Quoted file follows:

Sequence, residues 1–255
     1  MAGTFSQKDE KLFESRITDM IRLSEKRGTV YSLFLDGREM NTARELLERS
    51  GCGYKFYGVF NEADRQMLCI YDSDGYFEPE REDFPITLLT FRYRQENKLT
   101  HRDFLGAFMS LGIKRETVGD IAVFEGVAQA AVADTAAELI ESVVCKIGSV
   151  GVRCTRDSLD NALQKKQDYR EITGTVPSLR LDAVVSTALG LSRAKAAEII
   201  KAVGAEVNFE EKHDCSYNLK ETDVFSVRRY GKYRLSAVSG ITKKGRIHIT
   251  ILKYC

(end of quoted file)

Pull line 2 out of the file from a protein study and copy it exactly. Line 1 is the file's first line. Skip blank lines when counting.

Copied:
     1  MAGTFSQKDE KLFESRITDM IRLSEKRGTV YSLFLDGREM NTARELLERS